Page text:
It means talk about Social Security in 2018 or 2042 is probably all off base. It means a lot of people's plans for the future -- 'I'm gonna be a grandparent and retire' -- are way off base. Ain't gonna be that way, the way things are headed now.

    Poor people and disadvantaged circumstances are going to be with us in the future, too, and if they have internet empowerment they are more likely, I think, to be able to earn wages, (than they are today when it takes a car to have a job, almost).

    Computers. The internet. The future. My favorite line so far in this thread is "It's about learning how to use tools," (rmannon666). The computer that Free Geek offers for free is almost irrelevant to what they do. They teach people how to computer, (and feed them for life). Think bicycle analogy. You can go and get a free bicycle. So what? Or you can go and get a free bicycle and be shown how to oil it and change brake pads AND people help you learn how to ride it. Way after the free bike is out of your life you will still know how to ride a bike. That's so what.

  • Mac Diva (unverified)

    People are certainly free to buy the hype if they want to. But, let's not forget the facts:

    1) One Economy is a profit generating corporation that delivers a captive audience to an expensive cable modem ISP. Once there, they are funneled to a portal that tries to sell them more services without adequate disclosure.

    2) One Economy and its partners are not efficient agents for Internet services to a low-income clientele. Dial-up accounts would cost the residents about $20.00 per month. Instead, they are paying $60 per month or more for cable modem service. (I made an error above, meaning to say that the cost could be reduced to a third, not by a third.)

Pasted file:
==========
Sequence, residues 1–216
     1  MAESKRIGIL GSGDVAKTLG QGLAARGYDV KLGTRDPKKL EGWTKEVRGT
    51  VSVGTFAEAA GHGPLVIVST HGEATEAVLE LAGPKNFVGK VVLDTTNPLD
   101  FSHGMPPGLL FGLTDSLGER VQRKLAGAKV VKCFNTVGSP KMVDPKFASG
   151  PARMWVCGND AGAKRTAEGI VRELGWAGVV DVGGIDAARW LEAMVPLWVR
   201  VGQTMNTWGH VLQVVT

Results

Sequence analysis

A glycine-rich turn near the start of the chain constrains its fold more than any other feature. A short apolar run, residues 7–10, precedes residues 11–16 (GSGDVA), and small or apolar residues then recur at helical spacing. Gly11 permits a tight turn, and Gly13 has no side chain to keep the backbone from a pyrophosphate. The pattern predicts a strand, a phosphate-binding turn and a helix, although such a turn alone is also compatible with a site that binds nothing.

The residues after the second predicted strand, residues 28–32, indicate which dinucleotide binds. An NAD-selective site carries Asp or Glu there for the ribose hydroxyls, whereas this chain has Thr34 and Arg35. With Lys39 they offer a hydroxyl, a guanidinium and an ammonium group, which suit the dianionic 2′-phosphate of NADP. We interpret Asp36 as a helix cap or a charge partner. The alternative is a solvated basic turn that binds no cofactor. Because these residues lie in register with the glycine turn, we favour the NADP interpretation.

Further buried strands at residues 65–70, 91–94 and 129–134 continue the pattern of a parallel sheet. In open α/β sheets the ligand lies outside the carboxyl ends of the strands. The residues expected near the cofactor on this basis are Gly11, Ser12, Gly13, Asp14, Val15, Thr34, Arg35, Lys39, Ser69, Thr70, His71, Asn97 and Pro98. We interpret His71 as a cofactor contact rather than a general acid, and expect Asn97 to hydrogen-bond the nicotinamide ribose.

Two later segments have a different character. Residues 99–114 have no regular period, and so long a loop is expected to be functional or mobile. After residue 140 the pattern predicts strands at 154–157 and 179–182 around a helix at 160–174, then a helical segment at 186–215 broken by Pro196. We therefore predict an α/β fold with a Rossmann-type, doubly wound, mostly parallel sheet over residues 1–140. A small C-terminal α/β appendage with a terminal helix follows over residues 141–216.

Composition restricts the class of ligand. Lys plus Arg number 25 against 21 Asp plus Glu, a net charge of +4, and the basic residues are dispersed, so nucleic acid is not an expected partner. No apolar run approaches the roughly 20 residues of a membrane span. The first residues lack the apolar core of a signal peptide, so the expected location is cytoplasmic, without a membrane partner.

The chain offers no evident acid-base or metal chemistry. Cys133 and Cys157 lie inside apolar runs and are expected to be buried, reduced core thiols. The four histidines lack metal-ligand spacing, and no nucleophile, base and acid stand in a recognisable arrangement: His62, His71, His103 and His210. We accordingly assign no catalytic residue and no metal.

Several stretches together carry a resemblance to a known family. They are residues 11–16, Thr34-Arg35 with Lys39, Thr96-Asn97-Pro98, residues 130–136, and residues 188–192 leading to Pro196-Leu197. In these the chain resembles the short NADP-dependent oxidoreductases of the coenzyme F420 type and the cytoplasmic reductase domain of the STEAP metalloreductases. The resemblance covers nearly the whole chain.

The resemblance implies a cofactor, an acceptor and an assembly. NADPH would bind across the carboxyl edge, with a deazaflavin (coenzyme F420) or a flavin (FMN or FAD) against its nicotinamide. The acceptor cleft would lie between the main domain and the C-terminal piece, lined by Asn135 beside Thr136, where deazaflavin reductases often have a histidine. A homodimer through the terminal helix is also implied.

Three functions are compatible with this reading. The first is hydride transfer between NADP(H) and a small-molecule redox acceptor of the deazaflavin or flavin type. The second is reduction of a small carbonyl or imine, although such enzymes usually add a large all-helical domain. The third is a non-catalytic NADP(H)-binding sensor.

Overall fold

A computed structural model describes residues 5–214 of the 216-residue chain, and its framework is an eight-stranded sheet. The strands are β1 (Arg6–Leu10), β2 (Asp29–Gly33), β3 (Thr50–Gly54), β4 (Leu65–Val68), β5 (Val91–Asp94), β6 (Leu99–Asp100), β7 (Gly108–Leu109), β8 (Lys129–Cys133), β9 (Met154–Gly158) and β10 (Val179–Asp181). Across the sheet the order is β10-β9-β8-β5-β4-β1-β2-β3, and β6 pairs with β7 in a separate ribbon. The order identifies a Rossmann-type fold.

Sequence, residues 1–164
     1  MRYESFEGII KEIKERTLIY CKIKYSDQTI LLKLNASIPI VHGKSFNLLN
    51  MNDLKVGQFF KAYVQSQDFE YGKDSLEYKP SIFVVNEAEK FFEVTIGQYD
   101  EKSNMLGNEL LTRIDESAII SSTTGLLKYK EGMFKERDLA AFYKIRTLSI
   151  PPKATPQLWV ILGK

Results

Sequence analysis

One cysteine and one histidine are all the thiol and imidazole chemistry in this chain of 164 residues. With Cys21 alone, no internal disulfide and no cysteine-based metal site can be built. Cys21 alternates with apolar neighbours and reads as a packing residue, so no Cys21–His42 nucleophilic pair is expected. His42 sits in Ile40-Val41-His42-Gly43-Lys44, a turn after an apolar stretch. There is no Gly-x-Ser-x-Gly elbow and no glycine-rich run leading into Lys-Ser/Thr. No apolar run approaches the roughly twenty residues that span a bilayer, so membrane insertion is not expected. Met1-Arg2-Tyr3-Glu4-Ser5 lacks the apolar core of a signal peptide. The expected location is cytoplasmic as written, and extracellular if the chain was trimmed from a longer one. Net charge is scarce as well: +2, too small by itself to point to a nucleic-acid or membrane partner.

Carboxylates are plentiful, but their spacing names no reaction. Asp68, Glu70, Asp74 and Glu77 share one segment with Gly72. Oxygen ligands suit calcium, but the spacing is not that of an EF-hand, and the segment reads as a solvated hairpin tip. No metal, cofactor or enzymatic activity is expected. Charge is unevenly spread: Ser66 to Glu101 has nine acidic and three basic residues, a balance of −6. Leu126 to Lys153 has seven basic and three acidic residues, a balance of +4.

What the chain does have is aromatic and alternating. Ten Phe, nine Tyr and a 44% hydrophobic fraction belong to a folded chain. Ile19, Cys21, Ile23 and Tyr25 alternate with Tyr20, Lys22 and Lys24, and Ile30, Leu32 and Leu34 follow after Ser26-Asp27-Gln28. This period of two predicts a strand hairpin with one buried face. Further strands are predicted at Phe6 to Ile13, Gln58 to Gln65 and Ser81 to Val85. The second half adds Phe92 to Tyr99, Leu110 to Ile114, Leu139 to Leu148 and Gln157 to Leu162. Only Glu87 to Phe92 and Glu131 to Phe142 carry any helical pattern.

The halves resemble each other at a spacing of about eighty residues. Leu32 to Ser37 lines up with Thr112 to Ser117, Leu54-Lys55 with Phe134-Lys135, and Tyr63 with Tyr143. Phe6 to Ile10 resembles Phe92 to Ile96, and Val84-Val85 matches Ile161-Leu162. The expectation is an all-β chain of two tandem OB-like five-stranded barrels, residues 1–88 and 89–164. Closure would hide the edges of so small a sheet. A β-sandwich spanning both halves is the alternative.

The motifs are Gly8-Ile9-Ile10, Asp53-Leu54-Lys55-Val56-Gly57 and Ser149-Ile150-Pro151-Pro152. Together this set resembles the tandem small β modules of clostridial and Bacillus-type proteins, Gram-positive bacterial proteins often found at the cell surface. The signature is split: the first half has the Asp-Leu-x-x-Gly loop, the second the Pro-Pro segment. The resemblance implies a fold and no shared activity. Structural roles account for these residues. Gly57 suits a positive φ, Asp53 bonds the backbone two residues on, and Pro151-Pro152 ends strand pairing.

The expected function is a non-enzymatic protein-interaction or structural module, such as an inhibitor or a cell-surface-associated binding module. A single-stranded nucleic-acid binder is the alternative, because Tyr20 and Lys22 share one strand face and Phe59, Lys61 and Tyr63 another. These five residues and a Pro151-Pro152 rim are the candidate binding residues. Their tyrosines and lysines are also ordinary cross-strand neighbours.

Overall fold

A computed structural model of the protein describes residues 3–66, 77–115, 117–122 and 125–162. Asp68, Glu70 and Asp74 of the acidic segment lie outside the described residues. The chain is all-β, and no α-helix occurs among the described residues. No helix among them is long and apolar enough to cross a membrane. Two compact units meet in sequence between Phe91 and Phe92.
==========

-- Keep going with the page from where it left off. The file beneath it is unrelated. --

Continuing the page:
In regard to Linux,, one does not need to be a programmer to understand that it is not the best OS for novices. As I said before, Linux has 0.3 percent of the U.S. market, most of it in servers. People need an OS and software that they can use to enhance education and work skills and opportunities. That would be Windows.

    Pdinxs, your insult to my intelligence notwithstanding, it is you who fail to grasp what the issues in regard to One Economy and Free Geek are. Suffice it to say they have nothing to do with what OS servers in Rangoon or the Hebrides are running on.

    Doretta, the issue isn't whether people got computers. (Actually, they are from Dell.) The issue is whether the computers were really discounted. Considering what I learned about the reltionship between One Economy and the ISP, I doubt it.

  • Tenskwatawa (unverified)

    I've hooked up a lot of people with computers. I've seen it all. I still get calls ... I got a call today: 'Would I come over and show them their email.' People just are not computer functional, I don't care what percent of homes have them.

    In the bizness computer malfunction is C.E. -- Cockpit Error. The driver's the problem, not the car. Except, see, the 'computer equals car' analogy is false, essentially. 'Using a computer equals playing a musical instrument' is more like it. Maybe computer malfunction should be S.N. -- Sour Note.

    So for years I have been dragging people to the internet and hooking them up. Last summer, I went to visit my longtime homies. The one bought his first computer from me twenty-five years ago, (to keep his farm chart of accouts and supporting schedules). So I asked him (in June) if he got my email (sent in April). "Oh," he says, "I don't actually use the computer hardly."